In America, it takes a celebrity.
Occupy Wall Street is not getting enough coverage by traditional news and cable organizations, but also news outlets that you’d think would cover it. Michael Moore and Susan Sarandon have joined in hoping to raise the profile of the protests. From Bloomberg:
“I’m here to understand what’s going on and to lend my support,” Sarandon, who won an Academy Award for best actress for her role in the 1995 film “Dead Man Walking,” said in an interview. “There’s a lot of different kinds of people here who want to shift the paradigm to something that’s addressing the huge gap between the rich and the poor.”
Keith Olbermann smacked NPR last night for ignoring the Occupy Wall Street protests until things got dramatic. I tweeted Olbermann’s quote: “If it bleeds, it leads on NPR.” They’re taking a lot of heat for their lack of coverage:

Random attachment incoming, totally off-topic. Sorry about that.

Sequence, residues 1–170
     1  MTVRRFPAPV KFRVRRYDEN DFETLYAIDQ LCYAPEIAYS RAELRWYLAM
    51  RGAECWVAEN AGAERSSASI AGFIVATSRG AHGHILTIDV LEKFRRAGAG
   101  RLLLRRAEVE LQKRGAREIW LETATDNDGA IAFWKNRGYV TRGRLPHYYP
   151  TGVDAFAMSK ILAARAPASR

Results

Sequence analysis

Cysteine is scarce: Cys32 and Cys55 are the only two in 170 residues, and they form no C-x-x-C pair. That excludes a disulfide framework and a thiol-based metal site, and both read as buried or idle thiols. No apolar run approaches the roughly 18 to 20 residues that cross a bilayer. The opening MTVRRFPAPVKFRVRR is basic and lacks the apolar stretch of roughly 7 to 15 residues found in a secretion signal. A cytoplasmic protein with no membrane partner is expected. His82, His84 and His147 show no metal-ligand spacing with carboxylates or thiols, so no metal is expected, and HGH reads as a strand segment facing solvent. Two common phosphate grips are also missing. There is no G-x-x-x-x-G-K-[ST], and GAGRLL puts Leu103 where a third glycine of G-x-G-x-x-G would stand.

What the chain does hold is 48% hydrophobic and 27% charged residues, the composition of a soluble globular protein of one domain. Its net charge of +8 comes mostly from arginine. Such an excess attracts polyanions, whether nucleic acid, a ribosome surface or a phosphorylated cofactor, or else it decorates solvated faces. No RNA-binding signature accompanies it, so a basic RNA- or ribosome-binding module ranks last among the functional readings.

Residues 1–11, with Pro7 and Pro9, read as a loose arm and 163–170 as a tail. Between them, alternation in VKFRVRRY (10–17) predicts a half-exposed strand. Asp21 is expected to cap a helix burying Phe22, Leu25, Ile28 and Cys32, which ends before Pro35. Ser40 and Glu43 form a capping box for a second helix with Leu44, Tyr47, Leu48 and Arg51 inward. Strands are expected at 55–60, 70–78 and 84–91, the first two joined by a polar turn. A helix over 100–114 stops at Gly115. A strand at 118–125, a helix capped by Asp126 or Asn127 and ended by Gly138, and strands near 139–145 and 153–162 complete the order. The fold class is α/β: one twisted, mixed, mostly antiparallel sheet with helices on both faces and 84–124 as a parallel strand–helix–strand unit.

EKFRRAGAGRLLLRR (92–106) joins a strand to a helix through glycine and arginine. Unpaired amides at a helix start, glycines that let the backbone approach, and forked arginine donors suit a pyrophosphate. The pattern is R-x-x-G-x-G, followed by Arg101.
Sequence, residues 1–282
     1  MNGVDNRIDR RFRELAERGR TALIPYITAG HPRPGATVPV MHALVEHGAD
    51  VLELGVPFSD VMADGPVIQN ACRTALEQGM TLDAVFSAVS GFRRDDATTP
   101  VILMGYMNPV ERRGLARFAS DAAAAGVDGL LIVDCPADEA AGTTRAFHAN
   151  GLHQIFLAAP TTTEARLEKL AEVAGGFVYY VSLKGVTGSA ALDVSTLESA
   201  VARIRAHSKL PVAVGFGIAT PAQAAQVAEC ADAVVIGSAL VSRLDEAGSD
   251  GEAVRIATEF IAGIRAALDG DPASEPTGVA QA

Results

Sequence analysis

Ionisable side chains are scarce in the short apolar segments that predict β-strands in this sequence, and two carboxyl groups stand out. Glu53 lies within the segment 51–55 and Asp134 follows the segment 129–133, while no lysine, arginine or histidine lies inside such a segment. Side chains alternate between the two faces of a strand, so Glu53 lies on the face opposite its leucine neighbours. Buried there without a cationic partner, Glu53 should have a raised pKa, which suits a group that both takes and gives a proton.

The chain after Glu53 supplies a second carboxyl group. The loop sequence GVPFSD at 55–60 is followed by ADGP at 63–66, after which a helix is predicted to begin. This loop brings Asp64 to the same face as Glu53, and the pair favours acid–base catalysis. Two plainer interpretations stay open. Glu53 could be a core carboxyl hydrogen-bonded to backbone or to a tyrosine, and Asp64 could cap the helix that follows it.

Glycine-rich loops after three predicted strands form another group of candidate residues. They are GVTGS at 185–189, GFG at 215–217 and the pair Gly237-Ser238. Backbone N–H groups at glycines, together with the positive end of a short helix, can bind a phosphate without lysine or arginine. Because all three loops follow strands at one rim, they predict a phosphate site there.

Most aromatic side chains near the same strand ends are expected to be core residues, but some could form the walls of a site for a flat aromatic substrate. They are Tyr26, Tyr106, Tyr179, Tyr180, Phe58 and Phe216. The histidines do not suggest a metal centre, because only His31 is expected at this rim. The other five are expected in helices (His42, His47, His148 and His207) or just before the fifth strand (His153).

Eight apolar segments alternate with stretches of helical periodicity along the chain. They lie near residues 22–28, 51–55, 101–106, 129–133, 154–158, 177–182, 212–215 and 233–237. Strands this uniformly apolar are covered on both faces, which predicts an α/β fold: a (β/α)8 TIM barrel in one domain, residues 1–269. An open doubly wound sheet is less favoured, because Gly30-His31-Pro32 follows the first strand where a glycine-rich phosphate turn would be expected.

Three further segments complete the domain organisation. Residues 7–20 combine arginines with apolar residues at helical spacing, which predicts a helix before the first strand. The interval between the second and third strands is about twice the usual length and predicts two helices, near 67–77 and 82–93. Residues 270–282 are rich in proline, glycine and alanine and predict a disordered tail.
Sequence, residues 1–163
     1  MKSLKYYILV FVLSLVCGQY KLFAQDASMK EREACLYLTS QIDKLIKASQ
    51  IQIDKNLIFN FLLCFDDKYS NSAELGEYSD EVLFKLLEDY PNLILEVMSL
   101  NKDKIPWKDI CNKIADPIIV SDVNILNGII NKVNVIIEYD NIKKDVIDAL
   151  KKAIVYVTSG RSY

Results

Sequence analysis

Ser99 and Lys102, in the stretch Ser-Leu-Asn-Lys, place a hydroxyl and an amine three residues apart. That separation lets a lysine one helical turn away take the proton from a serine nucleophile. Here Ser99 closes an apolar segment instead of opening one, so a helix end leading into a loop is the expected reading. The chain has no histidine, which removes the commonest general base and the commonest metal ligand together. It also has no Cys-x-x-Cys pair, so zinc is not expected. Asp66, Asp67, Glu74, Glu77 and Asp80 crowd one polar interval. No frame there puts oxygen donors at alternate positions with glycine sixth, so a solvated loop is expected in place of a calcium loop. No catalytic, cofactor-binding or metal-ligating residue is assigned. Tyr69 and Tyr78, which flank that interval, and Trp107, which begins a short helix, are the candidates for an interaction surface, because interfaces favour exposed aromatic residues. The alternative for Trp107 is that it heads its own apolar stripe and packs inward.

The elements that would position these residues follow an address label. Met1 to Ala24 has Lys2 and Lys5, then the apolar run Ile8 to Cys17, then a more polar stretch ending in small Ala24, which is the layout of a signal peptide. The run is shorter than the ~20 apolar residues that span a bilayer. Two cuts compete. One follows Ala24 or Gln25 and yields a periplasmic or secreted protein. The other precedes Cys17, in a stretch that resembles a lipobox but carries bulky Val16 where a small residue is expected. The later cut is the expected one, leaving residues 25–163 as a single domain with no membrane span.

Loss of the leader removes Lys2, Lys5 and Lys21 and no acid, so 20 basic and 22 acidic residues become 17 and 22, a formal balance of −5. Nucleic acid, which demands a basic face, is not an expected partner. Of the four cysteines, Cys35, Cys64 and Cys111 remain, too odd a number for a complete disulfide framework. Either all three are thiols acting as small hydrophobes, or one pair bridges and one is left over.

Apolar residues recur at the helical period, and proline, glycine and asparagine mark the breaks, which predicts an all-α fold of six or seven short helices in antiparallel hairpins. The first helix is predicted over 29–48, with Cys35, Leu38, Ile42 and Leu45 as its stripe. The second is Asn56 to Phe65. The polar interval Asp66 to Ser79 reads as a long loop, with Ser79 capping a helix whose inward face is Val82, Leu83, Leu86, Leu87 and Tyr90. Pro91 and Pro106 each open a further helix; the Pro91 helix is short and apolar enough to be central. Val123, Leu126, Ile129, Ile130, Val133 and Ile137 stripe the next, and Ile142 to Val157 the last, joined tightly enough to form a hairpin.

But the online posts were not enough for Daniel Clay from Atlanta, GA, who wrote, “Does NPR think this is unimportant? Are you going to wait for someone to die or commit serious violence before you give it the attention it deserves?”
We asked the newsroom to explain their editorial decision. Executive editor for news Dick Meyer came back: “The recent protests on Wall Street did not involve large numbers of people, prominent people, a great disruption or an especially clear objective.”
It makes you wonder if the right-wing targeting and funding scare NPR recently went through sent such a chill down the ranks it’s keeping them from covering the story. After all, donors matter, especially ones connected to Wall Street. The House is also run by Republicans and fueled by the Tea Party. It makes you wonder.